I did eat proper Venetian risotto once, at a restaurant on the river Brenta. One moment I was sitting on the top deck of a tour boat surrounded by a European school party of smoking, carousing teenagers and the next I was in a totally silent restaurant eating an all white risotto.
The afternoon session dissolved around us because it was the day after a Bank Holiday and some of the Palladian villas that were supposed to be open on Tuesdays were closed. Eventually, the tour operators gave up and instead of returning to Riva degli Schiavoni, disembarked us under a bridge near Padua. After some difficulties, I found a station and a workers’ train to Mestre, finally getting back to Venice around midnight. It was worth it for the risotto alone.
I wouldn’t go so far as to call this risotto ai funghi – there are so many observances I could transgress: ingredient combinations, regional preferences, oil or butter and so on.
The secret is the brodo. Stock which has taken hours to prepare. And I’m not going to do that, so mushroom rice it is.
- Ingredients: approximately 100g arborio rice, 150-200g fresh chestnut mushrooms, a handful of dried porcini mushrooms if available, half a leek, 500ml liquid, 50-100g grated or shaved Grana Padano cheese, butter, olive oil, pepper and salt, fresh parsley.
- Method: Rehydrate the dried mushrooms according to instructions on the packaging. Add one tsp butter and the same of olive oil (you can use all butter or oil ) to a non stick pan on a medium heat and when it has melted together, sauté the sliced fresh mushrooms for a minute or two. Then remove them to a plate, turn down the heat and continue with the finely sliced leeks, adding some more butter/oil. Add the porcini and stir. Now put in the rice, and don’t be tempted to fill the pan – the grains expand dramatically during the cooking process. Stir the rice around firmly with a wooden spoon until all the grains are coated and keep on with this, not leaving the pan alone for more than a second or two until the grains are mostly translucent and there is some browning at the tips. Then pour in a half a glass (75-100ml) of white wine and turn the heat back up while continuing to stir. Make sure you reach the bottom of the pan. As the last of the moisture disappears add a ladleful of either the soaking liquid from the porcini (not the bits at the very bottom) or chicken/vegetable stock. Depending on the occasion this could be made with half a stock cube, with boiled up edible vegetable peelings or bones but either way you need about 500ml in total.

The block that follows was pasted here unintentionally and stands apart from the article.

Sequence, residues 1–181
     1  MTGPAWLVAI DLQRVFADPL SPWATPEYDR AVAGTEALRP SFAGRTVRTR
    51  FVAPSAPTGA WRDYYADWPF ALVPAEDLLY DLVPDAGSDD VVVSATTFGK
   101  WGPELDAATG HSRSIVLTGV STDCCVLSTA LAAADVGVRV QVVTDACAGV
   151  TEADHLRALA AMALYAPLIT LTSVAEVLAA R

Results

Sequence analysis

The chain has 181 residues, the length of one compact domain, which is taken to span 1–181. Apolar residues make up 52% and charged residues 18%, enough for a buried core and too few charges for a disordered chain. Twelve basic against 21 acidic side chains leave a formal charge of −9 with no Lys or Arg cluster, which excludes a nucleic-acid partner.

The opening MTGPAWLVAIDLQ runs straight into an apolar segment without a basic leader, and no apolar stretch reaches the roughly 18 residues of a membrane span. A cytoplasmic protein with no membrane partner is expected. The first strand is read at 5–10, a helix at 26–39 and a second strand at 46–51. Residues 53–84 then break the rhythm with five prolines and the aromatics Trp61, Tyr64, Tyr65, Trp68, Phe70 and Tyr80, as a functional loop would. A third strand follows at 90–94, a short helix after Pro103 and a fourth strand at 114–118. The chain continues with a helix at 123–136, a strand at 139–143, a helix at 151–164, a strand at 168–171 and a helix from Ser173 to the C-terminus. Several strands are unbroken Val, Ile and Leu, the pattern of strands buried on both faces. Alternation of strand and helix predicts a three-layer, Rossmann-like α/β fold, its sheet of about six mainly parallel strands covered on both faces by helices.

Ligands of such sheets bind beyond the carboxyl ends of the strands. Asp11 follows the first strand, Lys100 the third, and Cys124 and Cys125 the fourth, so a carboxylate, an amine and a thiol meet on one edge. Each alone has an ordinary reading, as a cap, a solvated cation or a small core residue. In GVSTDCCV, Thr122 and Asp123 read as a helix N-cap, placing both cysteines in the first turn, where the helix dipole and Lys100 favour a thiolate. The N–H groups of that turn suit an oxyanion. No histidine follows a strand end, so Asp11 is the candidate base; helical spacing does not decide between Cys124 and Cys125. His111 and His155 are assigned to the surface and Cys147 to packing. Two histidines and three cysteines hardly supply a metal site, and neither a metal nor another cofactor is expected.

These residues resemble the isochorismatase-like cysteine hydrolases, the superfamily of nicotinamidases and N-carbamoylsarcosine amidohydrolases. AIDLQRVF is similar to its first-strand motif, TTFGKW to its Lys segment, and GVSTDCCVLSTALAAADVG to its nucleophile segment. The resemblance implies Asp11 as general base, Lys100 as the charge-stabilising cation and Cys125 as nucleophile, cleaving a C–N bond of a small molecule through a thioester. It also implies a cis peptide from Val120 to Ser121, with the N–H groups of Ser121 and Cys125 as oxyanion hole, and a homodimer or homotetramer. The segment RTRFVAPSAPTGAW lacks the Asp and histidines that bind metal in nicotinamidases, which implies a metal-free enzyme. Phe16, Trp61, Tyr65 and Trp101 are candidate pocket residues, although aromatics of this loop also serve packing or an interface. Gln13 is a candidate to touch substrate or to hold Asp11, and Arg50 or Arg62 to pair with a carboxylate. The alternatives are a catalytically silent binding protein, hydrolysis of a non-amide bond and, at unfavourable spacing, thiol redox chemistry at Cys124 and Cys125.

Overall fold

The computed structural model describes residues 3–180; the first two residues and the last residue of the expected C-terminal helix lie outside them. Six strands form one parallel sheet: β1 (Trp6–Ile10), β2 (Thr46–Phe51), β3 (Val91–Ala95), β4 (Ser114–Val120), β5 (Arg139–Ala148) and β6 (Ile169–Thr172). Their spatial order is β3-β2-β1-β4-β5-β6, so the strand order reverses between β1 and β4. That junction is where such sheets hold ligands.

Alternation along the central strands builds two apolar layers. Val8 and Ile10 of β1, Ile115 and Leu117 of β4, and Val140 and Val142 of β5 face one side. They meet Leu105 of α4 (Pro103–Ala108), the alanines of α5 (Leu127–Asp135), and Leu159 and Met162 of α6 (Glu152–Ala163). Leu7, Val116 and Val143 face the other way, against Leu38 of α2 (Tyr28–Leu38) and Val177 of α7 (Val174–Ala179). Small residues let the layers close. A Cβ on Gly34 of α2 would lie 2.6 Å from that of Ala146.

Repeat this pouring in of stock while stirring until the rice is almost ready – that is, almost the way you like to eat it. Probably in all about 20-25 minutes in a domestic kitchen. Classically the end dish is quite porridgy with the rice grains softish but separate. I prefer something a little dryer – so just stop at the point which you prefer. Then return the mushrooms to the pan and continue stirring gently for a minute or two. Finally add a tablespoonful of grated cheese and some more butter, salt, pepper and plenty of chopped parsley. Toss it all together and onto your dish.